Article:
Kate Winslet in 'Mare of Easttown' and the power of the real

No fat cells were harmed during the filming of 'Mare of Easttown'

June 19, 2021 / 11:02 AM IST
Kate Winslet in 'Mare of Easttown' (screen shot).

Kate Winslet in 'Mare of Easttown' (screen shot).

Actors of a certain vintage know the ropes but remaining at the top demands artistic cunning and jugglery. All want to recapture the glory of their heydays, so they linger, and sometimes manage to return with a bang or a whimper. Some do it with their looks, by remaining perennially youthful, some do it more honestly, with only talent. The reincarnations usually follow much research on what has worked in the past, what will showcase a particular actor in the moment. When top artists adapt to TV, the ‘step-down’ is crafted to coincide with spectacular success.

Malayalam superstar Mohanlal learnt the hard way that too many close-ups spoil the plot; no love-struck camera followed him around in Drishyam 2, giving other characters equal footage as also rounding off the viewing experience. Hollywood stars Reese Witherspoon and Nicole Kidman seamlessly transferred their blockbuster status to the small screen by producing shows and cherry-picking the story and the part. There they were in meatier roles, showing their best profiles.

Kate Winslet did her homework before she decided to produce what suits her best. And, as everyone is talking about, there was no plastic surgery or skeletal proportions – no fat cells were harmed during the filming. Instead, the spotlight was on normal, on real. Mare of Easttown became not just a small-screen debut but an SUV that drove her in like she had always been at the wheel. It was the script, the dialogues and the casting per se that overtook this television debut. Plus a role that seemed a shoo-in.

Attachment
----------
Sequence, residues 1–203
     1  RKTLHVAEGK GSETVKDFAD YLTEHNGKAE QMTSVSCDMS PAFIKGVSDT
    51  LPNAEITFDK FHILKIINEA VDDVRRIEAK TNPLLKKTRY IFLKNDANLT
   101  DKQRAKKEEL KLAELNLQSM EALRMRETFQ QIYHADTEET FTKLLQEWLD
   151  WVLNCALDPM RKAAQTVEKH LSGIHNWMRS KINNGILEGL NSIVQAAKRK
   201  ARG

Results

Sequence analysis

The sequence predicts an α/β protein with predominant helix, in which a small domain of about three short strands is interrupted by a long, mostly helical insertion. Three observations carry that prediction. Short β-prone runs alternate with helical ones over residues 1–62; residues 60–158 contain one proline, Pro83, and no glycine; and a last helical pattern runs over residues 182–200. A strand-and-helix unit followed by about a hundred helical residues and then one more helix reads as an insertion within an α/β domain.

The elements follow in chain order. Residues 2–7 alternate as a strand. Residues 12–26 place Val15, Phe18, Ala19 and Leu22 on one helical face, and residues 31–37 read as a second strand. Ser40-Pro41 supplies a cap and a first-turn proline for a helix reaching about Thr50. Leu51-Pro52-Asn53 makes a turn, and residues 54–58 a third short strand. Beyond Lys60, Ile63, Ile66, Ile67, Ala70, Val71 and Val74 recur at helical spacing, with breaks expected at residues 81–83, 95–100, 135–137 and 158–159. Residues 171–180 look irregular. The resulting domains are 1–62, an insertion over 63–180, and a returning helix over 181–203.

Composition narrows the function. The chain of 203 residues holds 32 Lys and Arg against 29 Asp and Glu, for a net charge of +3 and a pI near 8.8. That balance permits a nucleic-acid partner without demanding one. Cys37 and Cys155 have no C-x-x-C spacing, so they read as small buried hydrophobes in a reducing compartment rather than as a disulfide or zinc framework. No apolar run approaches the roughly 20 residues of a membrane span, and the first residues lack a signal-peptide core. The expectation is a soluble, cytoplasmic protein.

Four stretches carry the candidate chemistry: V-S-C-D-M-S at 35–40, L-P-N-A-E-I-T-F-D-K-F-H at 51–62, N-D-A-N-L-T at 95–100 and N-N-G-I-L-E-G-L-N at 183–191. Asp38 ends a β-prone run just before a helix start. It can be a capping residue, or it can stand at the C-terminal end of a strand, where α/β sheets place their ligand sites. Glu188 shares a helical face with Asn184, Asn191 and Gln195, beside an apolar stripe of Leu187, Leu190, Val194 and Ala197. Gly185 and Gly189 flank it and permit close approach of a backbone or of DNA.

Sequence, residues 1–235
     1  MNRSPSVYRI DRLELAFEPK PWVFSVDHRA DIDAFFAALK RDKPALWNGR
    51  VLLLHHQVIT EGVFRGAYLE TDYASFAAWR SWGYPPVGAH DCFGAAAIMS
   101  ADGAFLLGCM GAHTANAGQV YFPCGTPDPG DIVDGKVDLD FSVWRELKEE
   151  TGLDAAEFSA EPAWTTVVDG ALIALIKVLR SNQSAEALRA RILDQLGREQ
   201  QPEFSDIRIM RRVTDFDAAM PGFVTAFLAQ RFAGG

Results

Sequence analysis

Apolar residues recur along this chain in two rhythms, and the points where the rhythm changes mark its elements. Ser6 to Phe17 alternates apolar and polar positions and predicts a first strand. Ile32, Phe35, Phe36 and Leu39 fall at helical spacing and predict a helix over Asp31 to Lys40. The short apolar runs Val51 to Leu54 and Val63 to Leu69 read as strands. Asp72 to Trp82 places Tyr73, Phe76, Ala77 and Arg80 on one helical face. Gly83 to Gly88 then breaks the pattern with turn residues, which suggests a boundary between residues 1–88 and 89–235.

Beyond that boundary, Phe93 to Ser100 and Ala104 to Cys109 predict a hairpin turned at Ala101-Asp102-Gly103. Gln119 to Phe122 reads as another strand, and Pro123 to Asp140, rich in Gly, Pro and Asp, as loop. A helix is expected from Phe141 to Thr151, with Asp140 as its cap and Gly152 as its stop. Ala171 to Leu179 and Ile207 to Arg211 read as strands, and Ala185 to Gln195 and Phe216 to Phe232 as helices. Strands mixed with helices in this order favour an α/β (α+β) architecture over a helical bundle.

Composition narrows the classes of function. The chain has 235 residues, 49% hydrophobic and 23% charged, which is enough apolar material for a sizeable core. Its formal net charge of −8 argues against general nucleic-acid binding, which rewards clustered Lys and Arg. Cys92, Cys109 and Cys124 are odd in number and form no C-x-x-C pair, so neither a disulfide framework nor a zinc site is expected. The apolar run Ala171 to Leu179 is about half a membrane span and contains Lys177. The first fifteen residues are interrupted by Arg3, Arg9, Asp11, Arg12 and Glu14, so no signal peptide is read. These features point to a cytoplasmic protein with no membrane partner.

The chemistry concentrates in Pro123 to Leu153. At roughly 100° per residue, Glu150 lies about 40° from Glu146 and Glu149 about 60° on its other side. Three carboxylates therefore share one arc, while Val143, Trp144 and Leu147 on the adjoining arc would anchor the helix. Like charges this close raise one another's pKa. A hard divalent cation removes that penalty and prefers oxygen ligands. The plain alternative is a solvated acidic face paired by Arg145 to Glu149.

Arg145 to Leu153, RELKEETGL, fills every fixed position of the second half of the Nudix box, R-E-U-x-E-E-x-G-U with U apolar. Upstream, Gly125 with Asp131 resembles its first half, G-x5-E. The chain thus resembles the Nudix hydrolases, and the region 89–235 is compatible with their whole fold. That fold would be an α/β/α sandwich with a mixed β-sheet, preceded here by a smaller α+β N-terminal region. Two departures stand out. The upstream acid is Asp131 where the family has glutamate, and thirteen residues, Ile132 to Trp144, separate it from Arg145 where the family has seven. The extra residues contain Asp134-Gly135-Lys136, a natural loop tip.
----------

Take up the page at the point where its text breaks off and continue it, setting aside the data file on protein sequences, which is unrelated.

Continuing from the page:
That an effortless feminism was projected, aided her outing. Kate became Mare. No Titanic or The Reader baggage was noticeable. With a fit just right, she quietly brought in the authenticity of ageing. The tension with a parent, who lives with her, melting into loud cackles in the car following a neighbour’s funeral. The reciting of ‘you said underwear’ with her grandson, whose toenails she was always cutting. The snack she snuck behind a sofa for being yuck. The way she threw herself even into therapy with a practical air. The utter lack of pronounced feminine airs... Neither was the script pandering to her stardom. She is soundly slapped by a colleague’s mom. She is caught planting drugs on her son's girlfriend. Fallible, less than camera-ready. Working, like most mothers, on building a relationship with her daughter. Working, like most daughters, on building a relationship with her mother.

Not that her hormones are absolutely dead, they do put in an appearance now and then like they should in middle age, but without forced photogenic shots. Mostly silent, she lets her frowns speak for themselves. No hair blowing in the breeze to frame her face, not even a bra that fits. The difference between her and her colleagues perhaps lies in the selection of an age-appropriate vehicle.

Mare of Easttown, the latest small-town crime thriller, gives us a deglam heroine to go with Covid times. With beauty parlours and gyms shut, Kate’s un-plucked eyebrows are just what we need.

Shinie Antony is a writer and editor based in Bangalore. Her books include The Girl Who Couldn't Love, Barefoot and Pregnant, Planet Polygamous, and the anthologies Why We Don’t Talk, An Unsuitable Woman, Boo. Winner of the Commonwealth Short Story Asia Prize for her story A Dog’s Death in 2003, she is the co-founder of the Bangalore Literature Festival and director of the Bengaluru Poetry Festival.

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